Douglas's political ambitions influenced his positions on the Supreme Court as well, according to Murphy. He was a law-and-order conservative in the 1940s, when he still hoped to become president, but he became more sensitive to the rights of religious minorities in an effort to court the Catholic vote. By the 1950s, he had turned himself into a reliable civil libertarian, but his opinions became increasingly self-indulgent. "I'm ready to bend the law in favor of the environment and against the corporations," he boasted. His most famous opinion, locating a right to privacy in "penumbras, formed by emanations" from the Bill of Rights, was justly attacked for its free-wheeling quality; a more legally rigorous derivation for privacy rights would have better served his cause. By the end of the 1960s, Douglas had become a judicial lounge act, ignored by his colleagues, who unanimously reversed his attempt to enjoin the bombing in Cambodia, and reduced to writing articles for Playboy and autobiographical plays about his political nemesis, Richard Nixon.

Murphy omits no details of Douglas's private life, where he appears to have been something of a monster. His neglected children found him "scary" and noted that he spoke to them only when "press photographers wanted a picture." They also resented his treatment of their mother, his first wife, whom he threw over after 28 years of marriage for a series of younger women. He left his third wife for a high school student who had asked him to sponsor her senior thesis, and then divorced her after 24 months for a college student whom he had met while she was a waitress in a cocktail lounge. He kept a room at the University Club, to which his messenger would drive Supreme Court secretaries who caught his fancy. In his sixties, he routinely invited flight attendants to visit him at the Court, where he would lunge at them in his chambers. He would not have survived the era of Anita Hill.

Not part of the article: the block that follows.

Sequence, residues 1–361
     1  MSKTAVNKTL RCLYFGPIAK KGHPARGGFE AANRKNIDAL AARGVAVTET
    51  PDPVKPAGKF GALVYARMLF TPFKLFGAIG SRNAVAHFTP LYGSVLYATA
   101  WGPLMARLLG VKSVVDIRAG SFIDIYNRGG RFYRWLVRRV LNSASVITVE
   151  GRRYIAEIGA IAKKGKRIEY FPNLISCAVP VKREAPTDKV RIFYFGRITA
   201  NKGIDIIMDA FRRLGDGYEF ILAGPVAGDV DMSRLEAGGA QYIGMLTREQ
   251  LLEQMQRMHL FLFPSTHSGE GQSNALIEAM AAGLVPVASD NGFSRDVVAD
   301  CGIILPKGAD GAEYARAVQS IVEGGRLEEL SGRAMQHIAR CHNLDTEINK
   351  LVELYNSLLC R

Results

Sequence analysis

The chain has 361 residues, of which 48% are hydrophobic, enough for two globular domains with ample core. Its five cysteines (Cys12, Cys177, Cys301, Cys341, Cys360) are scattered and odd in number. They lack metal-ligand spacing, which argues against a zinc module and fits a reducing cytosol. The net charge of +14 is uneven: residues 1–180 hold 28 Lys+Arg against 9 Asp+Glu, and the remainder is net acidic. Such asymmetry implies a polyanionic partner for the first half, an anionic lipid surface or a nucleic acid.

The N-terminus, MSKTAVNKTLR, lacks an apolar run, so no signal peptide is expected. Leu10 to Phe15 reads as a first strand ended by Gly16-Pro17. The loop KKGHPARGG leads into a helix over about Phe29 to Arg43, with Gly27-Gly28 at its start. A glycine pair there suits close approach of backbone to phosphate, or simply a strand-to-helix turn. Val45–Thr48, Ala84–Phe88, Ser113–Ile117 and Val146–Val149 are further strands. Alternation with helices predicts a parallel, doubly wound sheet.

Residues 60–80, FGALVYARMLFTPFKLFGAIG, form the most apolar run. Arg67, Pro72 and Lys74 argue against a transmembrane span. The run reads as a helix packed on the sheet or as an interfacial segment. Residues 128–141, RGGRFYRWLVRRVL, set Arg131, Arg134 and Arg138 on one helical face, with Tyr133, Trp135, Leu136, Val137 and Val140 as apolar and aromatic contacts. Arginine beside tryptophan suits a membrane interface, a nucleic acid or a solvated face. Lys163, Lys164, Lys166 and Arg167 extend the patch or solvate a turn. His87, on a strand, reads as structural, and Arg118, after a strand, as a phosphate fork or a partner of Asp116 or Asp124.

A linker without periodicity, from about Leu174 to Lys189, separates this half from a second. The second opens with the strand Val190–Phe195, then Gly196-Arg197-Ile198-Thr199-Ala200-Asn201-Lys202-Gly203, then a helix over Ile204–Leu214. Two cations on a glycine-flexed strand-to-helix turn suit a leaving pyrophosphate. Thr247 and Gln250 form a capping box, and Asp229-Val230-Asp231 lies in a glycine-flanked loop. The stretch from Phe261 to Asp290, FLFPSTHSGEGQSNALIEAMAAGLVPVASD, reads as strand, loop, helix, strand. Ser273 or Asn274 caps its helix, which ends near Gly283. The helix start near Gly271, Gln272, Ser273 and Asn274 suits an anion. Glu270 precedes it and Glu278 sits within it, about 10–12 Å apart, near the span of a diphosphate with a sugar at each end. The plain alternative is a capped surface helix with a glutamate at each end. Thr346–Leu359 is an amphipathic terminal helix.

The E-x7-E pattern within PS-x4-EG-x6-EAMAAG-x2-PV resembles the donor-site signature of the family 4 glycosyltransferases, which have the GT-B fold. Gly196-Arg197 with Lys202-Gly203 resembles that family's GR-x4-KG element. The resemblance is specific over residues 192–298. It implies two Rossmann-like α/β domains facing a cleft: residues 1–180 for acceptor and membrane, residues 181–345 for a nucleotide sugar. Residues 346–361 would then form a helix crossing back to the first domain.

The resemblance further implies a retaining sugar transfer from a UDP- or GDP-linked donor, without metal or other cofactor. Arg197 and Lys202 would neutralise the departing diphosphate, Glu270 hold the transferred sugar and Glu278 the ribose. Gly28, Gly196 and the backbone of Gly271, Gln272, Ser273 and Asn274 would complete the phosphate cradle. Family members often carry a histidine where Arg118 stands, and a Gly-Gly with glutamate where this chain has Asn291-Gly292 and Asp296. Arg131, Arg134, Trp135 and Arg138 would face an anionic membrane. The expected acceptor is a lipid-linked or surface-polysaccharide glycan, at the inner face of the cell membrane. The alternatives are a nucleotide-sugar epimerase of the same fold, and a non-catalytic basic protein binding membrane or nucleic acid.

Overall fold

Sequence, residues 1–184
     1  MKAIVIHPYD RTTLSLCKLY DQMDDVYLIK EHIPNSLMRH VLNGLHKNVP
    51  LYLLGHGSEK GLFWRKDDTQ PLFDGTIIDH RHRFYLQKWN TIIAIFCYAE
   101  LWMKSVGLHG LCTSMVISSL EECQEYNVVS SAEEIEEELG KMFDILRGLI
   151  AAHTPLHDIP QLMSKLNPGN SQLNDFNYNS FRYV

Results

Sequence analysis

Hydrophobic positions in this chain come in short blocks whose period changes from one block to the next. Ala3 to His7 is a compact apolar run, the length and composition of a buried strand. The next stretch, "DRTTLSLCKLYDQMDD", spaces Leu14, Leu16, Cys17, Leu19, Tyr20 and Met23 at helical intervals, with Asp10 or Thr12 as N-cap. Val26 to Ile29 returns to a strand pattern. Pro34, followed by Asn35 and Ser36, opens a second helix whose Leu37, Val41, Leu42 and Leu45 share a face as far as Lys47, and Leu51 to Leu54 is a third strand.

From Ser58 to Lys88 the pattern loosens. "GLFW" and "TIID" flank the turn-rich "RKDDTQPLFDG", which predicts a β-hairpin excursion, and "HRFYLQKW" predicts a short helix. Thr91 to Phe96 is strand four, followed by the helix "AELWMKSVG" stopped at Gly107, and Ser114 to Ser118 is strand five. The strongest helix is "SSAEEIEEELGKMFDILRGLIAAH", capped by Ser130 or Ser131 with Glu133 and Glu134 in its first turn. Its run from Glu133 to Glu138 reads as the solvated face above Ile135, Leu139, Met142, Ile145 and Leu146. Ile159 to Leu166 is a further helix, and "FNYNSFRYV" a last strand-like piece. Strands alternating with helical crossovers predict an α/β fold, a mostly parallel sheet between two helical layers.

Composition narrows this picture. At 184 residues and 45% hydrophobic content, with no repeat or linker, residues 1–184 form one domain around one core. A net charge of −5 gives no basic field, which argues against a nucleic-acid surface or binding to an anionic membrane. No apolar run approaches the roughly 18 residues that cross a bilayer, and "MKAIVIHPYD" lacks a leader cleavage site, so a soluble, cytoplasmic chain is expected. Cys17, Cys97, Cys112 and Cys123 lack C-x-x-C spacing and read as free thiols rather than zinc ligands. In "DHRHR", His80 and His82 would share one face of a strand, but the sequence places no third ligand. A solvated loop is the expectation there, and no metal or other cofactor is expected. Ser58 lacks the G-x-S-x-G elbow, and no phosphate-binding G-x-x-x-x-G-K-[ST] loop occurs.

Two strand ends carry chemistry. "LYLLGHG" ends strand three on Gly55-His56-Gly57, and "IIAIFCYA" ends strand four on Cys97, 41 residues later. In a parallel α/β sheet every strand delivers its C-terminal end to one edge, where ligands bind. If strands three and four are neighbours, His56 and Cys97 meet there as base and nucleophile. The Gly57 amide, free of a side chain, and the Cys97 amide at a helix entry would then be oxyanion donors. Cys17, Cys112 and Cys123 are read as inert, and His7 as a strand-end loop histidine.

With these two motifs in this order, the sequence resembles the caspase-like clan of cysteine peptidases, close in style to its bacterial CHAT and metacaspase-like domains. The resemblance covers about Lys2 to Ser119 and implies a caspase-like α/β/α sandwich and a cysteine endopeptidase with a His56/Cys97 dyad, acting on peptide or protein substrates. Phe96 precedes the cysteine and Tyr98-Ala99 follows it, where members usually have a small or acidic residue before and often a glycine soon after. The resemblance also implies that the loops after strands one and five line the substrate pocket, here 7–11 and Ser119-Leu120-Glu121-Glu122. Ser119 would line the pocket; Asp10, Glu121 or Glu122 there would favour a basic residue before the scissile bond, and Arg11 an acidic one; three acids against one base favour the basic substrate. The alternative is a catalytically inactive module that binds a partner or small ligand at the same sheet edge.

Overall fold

Murphy, the author of two other lively and respected works of Supreme Court muckraking, appears to take no special pleasure in unmasking his subject. But the only sympathetic moment in this relentlessly negative portrait occurs when Douglas, in an effort to prevent the construction of a parkway beside the Chesapeake and Ohio Canal, challenges the editors of The Washington Post, who had supported the project, to a 185-mile hike. For eight days, the 55-year-old Douglas leads a diminishing pack down the tow path, undeterred by a freak snowstorm, poison ivy or the return of his old intestinal problems. Hiking along in the nature he loved, singing drinking songs, he seems almost human. But at the end, when he is standing in a boat and waving his Western hat in response to a "roaring welcome" from 50,000 people in Georgetown, one realizes the true point of the trip. For the first and only time in his life, Douglas was basking in the cheers of a crowd. *

Jeffrey Rosen teaches law at George Washington University and is the legal affairs editor of the New Republic.

Justice William O. Douglas of the United States Supreme Court, in 1974